Littlefoot is someone who stays devoted to Christianity in the bad times.  Some have called Cera temptation, but I consider her to be a person who makes problems, but needs to be saved.  She is not an obstacle by design but due to her flaws she must overcome.  Instead of joining Littlefoot she remembers he dad’s words about being speciesist and tries to get over the great chasm.  Littlefoot then is obviously hurt, and he does not want to join a swimmer,  until her innocent happiness wins him over.  Ducky is the overly innocent member trying to find out if Littlefoot or Cera knows the right way.  They then meet Petrie (he was most likely left behind due to not knowing how to fly).  Petrie’s actor, Will Ryan, is the only main actor to be an adult.  If the other actors could not pull it off, then his role would have been greatly increased, but Judith Barsi exceeded expectations and got many of his lines.  Petrie is a coward, but right away his sense of bravery is shown by him volunteering to be a guard and that he successfully climbed a tree, thus he at least is not consumed by fear.

Cera accidently wakes up Sharptooth and flees in huge fear into the others.  She makes up a story about fighting him off, which Cera an Petrie believe.  My one problem with this movie is Littlefoot clearly believes Sharptooth is the only one even though the narrator earlier used the plural term.  In the meantime Ducky finds Spike, a big eater who is too young to think much.

T12.png         In a deleted scene Cera wants them to leave Spike for slowing them down, but Ducky uses berries to keep him going.  Unlike the herds in the opening they have multiple species.  The next scene has simple parts like Littlefoot using water to find food, and Ducky and Petrie becoming friends.  Confusingly Cera claims finding the food.  Littlefoot is mad, and then some longnecks come in and eat it all.  I eventually realized that Cera’s bragging got the attention of them, and they rushed in to eat everything.  I am pretty sure that it was before the deleted scene with other herds.  In another part of the deleted scene they met two types of dinosaurs.  One had water, and one had food.  They refused to share due to their differences, and it is presumed they will both die.  Back in the trees the group minus Cera make a dinosaur ladder, and they get Petrie high enough to get a lo of food down and fall with style down.  He hoped he flew down, but no one can honestly say yes.  Cera refuses to join until Littlefoot tricks her into thinking she got some down herself, but it mostly increases her ego (brag bone).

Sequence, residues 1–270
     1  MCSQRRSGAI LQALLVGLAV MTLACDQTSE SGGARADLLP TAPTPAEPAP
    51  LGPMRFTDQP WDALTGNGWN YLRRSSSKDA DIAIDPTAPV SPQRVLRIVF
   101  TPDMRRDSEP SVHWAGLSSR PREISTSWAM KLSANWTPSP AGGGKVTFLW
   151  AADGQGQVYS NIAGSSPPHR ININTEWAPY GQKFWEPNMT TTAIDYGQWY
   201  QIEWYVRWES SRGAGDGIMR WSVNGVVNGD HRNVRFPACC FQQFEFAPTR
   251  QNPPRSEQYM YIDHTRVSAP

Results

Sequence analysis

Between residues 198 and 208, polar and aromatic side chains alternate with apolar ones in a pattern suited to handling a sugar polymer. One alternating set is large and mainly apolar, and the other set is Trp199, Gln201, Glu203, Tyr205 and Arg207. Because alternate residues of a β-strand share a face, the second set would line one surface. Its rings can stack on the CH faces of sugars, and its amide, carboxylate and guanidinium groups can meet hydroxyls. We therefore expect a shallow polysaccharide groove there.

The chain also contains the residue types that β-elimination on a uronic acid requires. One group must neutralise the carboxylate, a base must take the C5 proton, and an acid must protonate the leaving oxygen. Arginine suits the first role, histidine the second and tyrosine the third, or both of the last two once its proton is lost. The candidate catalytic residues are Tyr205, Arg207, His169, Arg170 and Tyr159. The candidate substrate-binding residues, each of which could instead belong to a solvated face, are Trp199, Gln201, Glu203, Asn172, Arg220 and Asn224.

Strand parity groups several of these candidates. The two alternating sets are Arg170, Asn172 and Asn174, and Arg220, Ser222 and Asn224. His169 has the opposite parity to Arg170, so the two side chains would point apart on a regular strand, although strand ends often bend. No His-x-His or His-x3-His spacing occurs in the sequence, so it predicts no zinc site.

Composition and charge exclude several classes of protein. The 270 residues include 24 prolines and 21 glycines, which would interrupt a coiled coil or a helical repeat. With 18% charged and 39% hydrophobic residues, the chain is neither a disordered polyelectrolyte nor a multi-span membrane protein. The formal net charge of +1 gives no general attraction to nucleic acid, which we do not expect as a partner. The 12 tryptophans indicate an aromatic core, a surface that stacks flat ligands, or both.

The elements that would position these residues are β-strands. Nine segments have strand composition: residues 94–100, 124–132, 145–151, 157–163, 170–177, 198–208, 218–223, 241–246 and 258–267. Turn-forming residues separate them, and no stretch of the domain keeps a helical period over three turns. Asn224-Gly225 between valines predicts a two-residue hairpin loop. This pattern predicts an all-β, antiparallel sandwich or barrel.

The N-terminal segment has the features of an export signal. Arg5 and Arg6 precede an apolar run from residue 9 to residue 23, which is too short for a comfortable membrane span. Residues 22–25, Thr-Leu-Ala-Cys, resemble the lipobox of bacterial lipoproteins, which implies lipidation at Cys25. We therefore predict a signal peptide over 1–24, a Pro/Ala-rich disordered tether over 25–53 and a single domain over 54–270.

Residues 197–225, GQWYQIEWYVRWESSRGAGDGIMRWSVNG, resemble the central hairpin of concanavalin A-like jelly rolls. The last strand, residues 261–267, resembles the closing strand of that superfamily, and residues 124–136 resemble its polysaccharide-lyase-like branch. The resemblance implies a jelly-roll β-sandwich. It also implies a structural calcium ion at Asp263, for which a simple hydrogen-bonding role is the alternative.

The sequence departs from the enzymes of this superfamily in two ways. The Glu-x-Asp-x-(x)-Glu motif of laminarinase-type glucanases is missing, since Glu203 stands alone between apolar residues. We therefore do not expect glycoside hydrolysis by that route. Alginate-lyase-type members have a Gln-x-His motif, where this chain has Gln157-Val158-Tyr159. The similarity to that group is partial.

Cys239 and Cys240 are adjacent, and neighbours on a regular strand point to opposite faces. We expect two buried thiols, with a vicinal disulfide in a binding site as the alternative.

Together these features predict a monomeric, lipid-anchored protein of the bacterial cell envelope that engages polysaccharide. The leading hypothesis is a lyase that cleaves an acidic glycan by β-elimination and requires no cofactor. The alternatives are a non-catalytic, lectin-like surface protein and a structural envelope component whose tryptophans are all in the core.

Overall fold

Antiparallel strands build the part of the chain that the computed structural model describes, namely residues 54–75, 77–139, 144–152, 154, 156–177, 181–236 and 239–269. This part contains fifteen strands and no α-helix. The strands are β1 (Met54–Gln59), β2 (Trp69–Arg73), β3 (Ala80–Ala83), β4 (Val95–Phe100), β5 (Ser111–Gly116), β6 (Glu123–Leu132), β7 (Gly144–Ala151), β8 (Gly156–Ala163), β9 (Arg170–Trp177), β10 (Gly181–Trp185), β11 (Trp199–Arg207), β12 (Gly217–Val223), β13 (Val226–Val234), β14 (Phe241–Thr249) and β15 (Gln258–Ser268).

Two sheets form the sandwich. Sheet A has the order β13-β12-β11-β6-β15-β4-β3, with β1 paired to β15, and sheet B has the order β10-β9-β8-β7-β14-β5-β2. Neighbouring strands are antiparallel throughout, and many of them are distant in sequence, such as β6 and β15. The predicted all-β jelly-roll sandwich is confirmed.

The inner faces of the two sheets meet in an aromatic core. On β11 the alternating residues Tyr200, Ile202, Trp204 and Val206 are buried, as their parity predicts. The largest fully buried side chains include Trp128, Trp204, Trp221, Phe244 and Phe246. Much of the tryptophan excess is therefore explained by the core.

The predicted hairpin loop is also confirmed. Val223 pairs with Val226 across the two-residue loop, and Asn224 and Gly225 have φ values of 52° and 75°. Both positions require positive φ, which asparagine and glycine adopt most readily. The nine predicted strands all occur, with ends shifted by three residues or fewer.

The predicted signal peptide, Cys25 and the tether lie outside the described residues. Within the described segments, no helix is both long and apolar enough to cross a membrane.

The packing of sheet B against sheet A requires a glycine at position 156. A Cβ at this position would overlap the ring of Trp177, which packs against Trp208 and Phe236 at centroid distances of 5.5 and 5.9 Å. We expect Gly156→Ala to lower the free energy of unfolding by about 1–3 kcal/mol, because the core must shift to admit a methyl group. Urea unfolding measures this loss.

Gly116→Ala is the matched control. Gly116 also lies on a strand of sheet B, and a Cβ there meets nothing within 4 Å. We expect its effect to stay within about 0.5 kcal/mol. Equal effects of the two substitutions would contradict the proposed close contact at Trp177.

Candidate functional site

Cera and Littlefoot sleep in different areas, and the others pick who o join.  Eventually even Cera goes to Littlefoot.

 

Contested Sequels: An American Tail vs Fievel Goes West

An American Tail

Vs

This a really contested sequel.  It seems all animation fans love one more…

An American Tail
Not necessarily “one” as in first film.

Since many enjoy one or two based on nostalgia I want to start by saying I have no nostalgia for either film.  I first saw two, while fifteen and one while sixteen.  My only nostalgia for the An American Tail franchise is three episodes of Fievel’s American Tails and may trailers.  When I was thirteen I became a huge animation fan with Don Bluth as my favorite animator.  An American Tail is probably his second most well-known film and  I really wanted to see it.  I looked for it for years in thrift stores and online.  I found the sequel and I thought it was a poor film.  I finally found the first one on a website that only allowed me to watch fifteen minutes a day and I still loved it.  I later got the movie and it remains a favorite that I watch every February, while “Fievel Goes West” barely gets watched.  Despite being in my opinion the inferior film it may very well have qualities superior to the original, but they just do not work for me.  The first one is Don Bluth, but the second one is more like a Disney film.